There was only comfort in isolation. And for countless years, it embraced the empty vacuum, going through the basic repetitive routines of its existence. Its birth was irrelevant. Survival was the only necessity to thrive in the cruel void. The nothingness, for endless ages, was its only home. But an urge pulled it to a globe of green and blue, a place it had never been to before. Was destiny giving it a chance at a new life? To prove itself worthy to live in a heartless world? Following its instincts, the amorphous lifeform dove towards the massive sphere.
The time spent falling was nothing short of progressive. Time increased as it fell, gravity taking hold of its form. However, it wasn’t long until it found itself splattered against the hull of a metallic capsule. Orbiting across the ocean of emptiness, the Helios-7 was a research vessel collecting data of unknown organisms within Earth’s exosphere. Little did it realize that it would serve as a ride for an alien organism from galaxies far away. Acting on primordial instinct, the amoeba clung to the vessel with all its might. Its cells, adapt to the absence of heat, are able to withstand the bitter void, which did not bother it in the least. So when it seeped through the cracks and navigated its way to the interior, it began to torture the men aboard Helios-7.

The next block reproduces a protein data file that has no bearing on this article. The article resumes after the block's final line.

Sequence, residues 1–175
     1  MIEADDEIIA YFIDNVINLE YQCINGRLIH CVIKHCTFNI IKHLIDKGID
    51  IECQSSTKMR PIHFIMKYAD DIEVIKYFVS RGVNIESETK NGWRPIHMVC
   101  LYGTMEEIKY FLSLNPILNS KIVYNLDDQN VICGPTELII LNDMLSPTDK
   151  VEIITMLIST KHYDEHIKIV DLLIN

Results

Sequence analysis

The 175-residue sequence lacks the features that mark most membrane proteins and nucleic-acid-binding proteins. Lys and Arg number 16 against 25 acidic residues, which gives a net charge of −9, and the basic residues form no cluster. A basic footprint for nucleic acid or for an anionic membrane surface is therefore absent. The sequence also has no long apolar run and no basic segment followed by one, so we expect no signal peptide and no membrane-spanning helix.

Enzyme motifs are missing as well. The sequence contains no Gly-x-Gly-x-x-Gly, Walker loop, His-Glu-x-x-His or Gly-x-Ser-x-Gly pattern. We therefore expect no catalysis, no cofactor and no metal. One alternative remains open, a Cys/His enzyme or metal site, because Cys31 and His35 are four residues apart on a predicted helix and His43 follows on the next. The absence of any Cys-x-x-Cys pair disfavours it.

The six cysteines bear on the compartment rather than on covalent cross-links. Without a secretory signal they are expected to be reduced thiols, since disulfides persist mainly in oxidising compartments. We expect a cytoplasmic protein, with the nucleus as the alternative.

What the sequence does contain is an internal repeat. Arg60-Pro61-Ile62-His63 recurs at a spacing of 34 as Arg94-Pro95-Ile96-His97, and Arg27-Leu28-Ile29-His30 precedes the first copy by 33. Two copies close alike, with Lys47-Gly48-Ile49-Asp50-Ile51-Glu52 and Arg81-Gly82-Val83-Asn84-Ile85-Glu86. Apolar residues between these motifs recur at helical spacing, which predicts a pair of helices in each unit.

Their screams faded before Helios-7 fell back into the atmosphere.
And so, the Helios-7 plummeted to the wideness of the Pacific Ocean. The world would learn of its tragedy later that week, as the spacecraft vanished beneath the oceanic surface. Little would anyone know the truth of the matter; a virus from far beyond our world settling in, adapting. The first set of earthly victims of the amoeba would never tell the tale of what happened…
Caressed in gray clouds on a humid summer day, Smokey traversed from nearly 10,000 feet over the Pacific Ocean. It remained invisible to the luminance of Earth’s star, but the heat was getting the better of the ship’s crew of three.